Anyway, the Future-Supermodels-of-America trend is alive and well. She’s at the 75th percentile for height and the 5th for weight. Apparently all the butter we feed her goes straight into making her taller. This is not a bad thing from my point of view, but it does trigger the automatic try-to-feed-her-more talk. Heh. She eats more than Sadie, most of the time. I envy her metabolism. Then again, I was a painfully skinny kid before puberty came along and ruined it all. Sigh.
In any case, she’s all good to go for a while now. Yay!
Jay: Chris Sligh Fan Club Post
This is a cool video of Chris Sligh with Half Past Forever, the band he founded. In the associated video links that will display on the page there is another one in which he talks about himself for four minutes, and it’s surprisingly interesting. I can see how he landed a hot wife named Sarah.
We both developed unusually stuffy sinuses overnight, and I got the sore and constricted throat that feels like getting strep but is probably just drip from the aformentioned balloonish sinuses. Ugh.
Tuesday, February 27, 2007
Deb: I hereby break my bloggy silence for this important announcement:
ANTM is back!
I am so ridiculously excited. I love, love, love this show.
It’s almost enough to make up for the crazies at NBC pulling my Studio 60. Speaking of the crazies at NBC, better watch Crossing Jordan while you can...I can’t think of anything more likely to kill it than a move to Wednesday nights at 9. Gah. Freaking NBC.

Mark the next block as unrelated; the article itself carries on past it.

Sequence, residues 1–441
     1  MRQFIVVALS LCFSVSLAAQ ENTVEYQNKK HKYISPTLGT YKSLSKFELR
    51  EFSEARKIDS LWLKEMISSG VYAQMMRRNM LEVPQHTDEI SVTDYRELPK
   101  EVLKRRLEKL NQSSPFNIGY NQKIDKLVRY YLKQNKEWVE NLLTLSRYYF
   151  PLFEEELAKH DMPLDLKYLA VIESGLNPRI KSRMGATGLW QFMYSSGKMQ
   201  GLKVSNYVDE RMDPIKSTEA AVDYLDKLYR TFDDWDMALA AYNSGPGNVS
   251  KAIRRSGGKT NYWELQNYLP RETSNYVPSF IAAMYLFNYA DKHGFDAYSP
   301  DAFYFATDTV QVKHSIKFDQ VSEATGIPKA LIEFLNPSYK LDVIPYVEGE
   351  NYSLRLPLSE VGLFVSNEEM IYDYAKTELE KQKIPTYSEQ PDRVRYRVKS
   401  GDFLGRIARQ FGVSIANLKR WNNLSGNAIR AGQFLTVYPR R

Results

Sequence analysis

I’d like to point out, too, while I’m here, that it’s nice to be able to watch the Gilmore Girls again without wanting to throw things at the TV.
Jay: Val’s Birthday at Grandma’s
Since her birthday was a week ago (and these pics were the Sunday before that), I thought it was about time I posted Valerie’s birthday pictures, or started to anyway.
These are them at my grandmother’s house for dinner on the 18th, plus a picture of my mother with Valerie’s cake we had there.
Jay: Sadie the Camera Hog
Sunday, February 25, 2007
Jay: CotC Musings
I’m about to put together this week’s Carnival of the Capitalists. This should be interesting. There were 44 entries. I went through almost as they arrived and labeled them Yes, No, or not at all if I was initially undecided.